Artists Andra Ursuţa, Nicole Eisenman, Goshka Macuga, Cally Spooner, and Beatriz Santiago Munoz have each been given a floor at the New Museum for their new exhibitions which open collectively today.
Cally Spooner’s “On False Tears and Outsourcing” opens today. The exhibition includes a group of dancers who respond to conflicting choreographic instructions: to stay intimately bound together while remaining fiercely separate. Trained by rugby players and a movie director, and following the logic of a “stand-up scrum,” the dancers learned a set of techniques taken from contact sports, management strategies, and on-screen romance. #CallySpooner
London artist Cally Spooner kicks things off in the museum’s Lobby Gallery with the dance/movement installation piece, “Cally Spooner: On False Tears and Outsourcing.” She has added some special features to the gallery space, like harsh office-type florescent lighting and a group of dancers performing in the glassed-in, fish tank-like space. The dancers respond to “conflicting choreographic instructions: to stay intimately bound together while remaining fiercely separate.” Trained by rugby players and a movie director, and following the logic of a “stand-up scrum”—a daily meeting often used in collaborative, responsive practices such as software development—the dancers use a set of techniques taken from contact sports, management strategies, and on-screen romance. Through attempts to seduce, defend, and self-organize, the group performs a sequence of mesmerizing athletic movements in response to simple tasks set by Spooner.
Goshka Macuga: Time as Fabric is on the second floor. Based in London, artist Goshka Macuga is originally from Warsaw, Poland. Her installation work has an entrenched activist feel, showing her interest in using art to “voice current concerns, rouse public debate, and inspire social change.” She works in large scale sculpture, installation, architecture, and design. The exhibition brings together a selection of the rising star’s recent projects, including five of her large scale tapestries and a theatrical environment.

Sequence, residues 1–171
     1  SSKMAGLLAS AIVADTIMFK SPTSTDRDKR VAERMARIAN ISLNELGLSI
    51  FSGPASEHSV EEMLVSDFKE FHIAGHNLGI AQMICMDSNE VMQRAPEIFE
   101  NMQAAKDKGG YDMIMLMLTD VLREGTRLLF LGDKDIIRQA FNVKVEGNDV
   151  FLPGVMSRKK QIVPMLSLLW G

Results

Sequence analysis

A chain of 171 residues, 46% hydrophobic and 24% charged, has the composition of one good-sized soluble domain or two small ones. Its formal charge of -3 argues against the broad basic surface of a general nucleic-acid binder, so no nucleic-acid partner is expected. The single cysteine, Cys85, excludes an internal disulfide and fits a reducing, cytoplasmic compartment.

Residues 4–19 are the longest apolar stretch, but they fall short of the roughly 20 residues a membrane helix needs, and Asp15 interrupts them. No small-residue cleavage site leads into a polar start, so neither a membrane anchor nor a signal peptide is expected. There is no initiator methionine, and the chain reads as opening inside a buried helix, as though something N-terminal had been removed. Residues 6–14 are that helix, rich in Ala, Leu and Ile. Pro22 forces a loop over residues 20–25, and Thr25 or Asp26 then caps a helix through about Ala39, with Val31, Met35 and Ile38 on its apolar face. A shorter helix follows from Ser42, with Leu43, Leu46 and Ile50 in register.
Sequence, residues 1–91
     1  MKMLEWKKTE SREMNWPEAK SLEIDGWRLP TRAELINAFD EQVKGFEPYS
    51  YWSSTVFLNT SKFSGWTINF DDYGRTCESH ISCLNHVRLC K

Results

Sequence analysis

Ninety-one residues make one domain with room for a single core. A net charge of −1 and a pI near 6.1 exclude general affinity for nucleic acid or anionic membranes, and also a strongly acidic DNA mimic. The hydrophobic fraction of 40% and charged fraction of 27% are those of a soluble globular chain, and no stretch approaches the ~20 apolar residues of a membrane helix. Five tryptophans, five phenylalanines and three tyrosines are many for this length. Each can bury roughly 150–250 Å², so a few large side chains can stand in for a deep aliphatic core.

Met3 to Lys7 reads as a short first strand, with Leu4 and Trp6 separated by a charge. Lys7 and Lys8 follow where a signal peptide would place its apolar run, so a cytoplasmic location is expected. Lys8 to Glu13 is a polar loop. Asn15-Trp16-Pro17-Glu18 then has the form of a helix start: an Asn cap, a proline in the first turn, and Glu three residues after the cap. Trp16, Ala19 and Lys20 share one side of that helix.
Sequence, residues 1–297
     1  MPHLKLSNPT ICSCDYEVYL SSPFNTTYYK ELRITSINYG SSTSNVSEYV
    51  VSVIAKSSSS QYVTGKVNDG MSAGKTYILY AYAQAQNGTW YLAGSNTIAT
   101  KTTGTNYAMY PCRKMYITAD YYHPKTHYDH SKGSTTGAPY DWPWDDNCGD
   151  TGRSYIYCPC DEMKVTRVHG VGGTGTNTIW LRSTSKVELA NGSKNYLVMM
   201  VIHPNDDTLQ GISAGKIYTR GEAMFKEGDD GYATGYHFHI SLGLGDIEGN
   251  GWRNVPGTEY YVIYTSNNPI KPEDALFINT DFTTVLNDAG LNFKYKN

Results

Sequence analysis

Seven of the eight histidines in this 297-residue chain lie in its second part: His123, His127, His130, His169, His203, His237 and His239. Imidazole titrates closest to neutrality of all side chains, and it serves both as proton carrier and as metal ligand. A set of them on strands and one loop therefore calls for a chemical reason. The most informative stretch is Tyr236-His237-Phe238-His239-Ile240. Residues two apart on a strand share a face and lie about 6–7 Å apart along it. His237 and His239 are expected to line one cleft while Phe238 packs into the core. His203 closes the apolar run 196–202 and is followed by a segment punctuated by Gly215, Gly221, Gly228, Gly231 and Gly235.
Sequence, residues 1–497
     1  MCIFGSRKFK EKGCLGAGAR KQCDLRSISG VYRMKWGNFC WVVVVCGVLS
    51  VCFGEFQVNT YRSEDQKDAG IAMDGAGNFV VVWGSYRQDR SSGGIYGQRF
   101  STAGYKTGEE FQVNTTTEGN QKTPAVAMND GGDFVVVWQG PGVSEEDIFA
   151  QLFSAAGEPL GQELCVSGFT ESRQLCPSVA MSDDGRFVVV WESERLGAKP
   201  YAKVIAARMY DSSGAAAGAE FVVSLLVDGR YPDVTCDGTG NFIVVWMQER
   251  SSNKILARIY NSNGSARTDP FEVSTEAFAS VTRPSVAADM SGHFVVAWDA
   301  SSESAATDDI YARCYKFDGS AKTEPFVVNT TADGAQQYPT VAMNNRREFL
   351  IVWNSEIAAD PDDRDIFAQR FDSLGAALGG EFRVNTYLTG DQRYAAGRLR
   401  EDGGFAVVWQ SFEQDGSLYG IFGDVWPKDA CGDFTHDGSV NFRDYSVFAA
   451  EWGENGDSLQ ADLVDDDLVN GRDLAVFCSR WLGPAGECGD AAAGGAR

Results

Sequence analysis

Considered to be one of the most important painters of her generation, Nicole Eisenman‘s show, Al-ugh-ories is on the third floor. Her dramatic portraits “combine the imaginative with the lucid, the absurd with the banal, and the stereotypical with the countercultural and queer.” Indeed.
On the fourth floor is Andra Ursuţa: Alps, featuring Andra Ursuta‘s wonderful sculptures and her latest gigantic installation, “Alps.” It’s based on the idea of a climbing wall and shaped like the “Alps,” but as noted, the walls are “covered with pouches of bodily mass—in the shape of inflatable toy skeletons—appear suspended like flies in a web or frozen like fossilized bog bodies. Other skeletal cavities perforate the surface and, together with penis-shaped climbing holds.” She is known for using a “fatalistic dark humor to expose power dynamics, to probe the vulnerability of the human body, and to examine modes of desire.”
In the Fifth Floor gallery you’ll find Beatriz Santiago Muñoz ‘s first solo museum exhibition in New York (and my favorite out of the five). Munoz is a filmmaker and video artist from Puerto Rico. She debuts a three-channel video, created during a residency at the New Musuem, that is loosely inspired by Monique Wittig’s 1969 novel Les Guérillères, which describes a world where the patriarchy has fallen after a bloody war between the sexes; a silent 16mm film, which weaves together portraits of friends living in Vieques, Puerto Rico, the site of a bombing range used by the US Navy for sixty years; and a set of commissioned masks that will be activated in a series of new films and videos produced this spring. The masks will also be featured in a performance by Macha Colón (the stage name of Gisela Rosario Ramos, a queer performer in the underground music scene in Puerto Rico).
For more info, museum hours and admission fees, go here.